In a Trump world, can Africa be great again?

Africa was a policy priority for previous three administrations—Clinton, Bush and Obama. But can US contribute to Africa’s growth story once Trump pushes ‘America First’ agenda?

By Subhojit Goswami
Last Updated: Thursday 22 December 2016
Credit: Ted Eytan/ Flicker
Credit: Ted Eytan/ Flicker Credit: Ted Eytan/ Flicker

Trump's agenda

Africa was equally astonished as everybody else at Donald Trump’s presidential victory. The news confirming his entry into the White House sent a ripple of apprehensions across the continent as he is widely believed to be “oblivious and ignorant about Africa.”

While the US policy towards Africa in the last three US presidential administrations has revolved around peace, security, governance and promotion of opportunity and development, Trump has promised to shift US foreign policy priorities and reshape America’s system of alliances.

So, will Trump allow the US agencies such as USAID to operate with considerable autonomy? Will human rights suffer a setback or will the US be able to steer social and political change in Africa?

Too many questions cloud optimism.

However, the question as to what would Trump mean for Africa gains relevance more because the continent has some serious challenges to confront.

Economic growth in the Least Developed Countries (LDCs) has declined sharply since 2012 and currently, about 80 per cent of the LDCs are African. For an emerging market like Africa, which is heavily dependent on commodity exports, the threat of Brexit also came at a least opportune time when intense droughts, population growth, lack of sustainable land and water management practices and conflicts have led to massive population displacements across Africa. It has more countries affected by displacement than any other continent or region.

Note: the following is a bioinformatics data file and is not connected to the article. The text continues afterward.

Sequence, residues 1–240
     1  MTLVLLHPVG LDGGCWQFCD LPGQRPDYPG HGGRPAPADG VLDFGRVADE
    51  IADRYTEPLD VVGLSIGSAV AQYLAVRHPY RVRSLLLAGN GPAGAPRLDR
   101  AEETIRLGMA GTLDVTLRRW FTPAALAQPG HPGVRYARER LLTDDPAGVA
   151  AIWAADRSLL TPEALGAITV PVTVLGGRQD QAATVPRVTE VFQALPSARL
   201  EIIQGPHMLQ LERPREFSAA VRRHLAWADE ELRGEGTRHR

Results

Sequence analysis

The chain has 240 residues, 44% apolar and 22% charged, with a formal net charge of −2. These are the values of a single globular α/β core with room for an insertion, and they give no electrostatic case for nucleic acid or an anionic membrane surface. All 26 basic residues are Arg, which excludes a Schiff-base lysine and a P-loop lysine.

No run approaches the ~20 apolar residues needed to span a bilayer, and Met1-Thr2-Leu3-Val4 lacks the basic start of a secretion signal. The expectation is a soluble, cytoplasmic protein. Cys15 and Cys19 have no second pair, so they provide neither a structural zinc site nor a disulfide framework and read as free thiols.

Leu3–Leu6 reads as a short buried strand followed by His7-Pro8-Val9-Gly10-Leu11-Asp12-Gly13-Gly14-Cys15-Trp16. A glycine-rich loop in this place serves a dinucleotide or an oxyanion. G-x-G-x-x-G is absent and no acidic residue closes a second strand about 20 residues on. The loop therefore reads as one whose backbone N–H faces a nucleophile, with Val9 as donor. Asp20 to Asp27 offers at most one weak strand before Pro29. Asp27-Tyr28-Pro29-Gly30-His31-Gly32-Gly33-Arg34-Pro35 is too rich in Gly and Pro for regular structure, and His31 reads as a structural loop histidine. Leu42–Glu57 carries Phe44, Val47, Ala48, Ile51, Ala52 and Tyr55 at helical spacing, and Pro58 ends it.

Continuing drought has not only led to growing water scarcity, but it also has threatened food security Credit: CIAT/ Flicker

On top of that, there’s a fear of global warming and drought stress shortening production time of maize—a staple crop. It will lead to a very short growing season that won’t allow maize plants to fully mature. Be it socio-economic transformation or environmental sustainability, Africa cannot pull itself out of the conundrum on its own, at least with its current capabilities.

When President Obama visited Ghana in June 2009, he had affirmed, “We believe in Africa's potential and promise. We remain committed to Africa's future. We will be strong partners with the African people.” But, Africa is unlikely to be on top of the Trump administration’s policy agenda.

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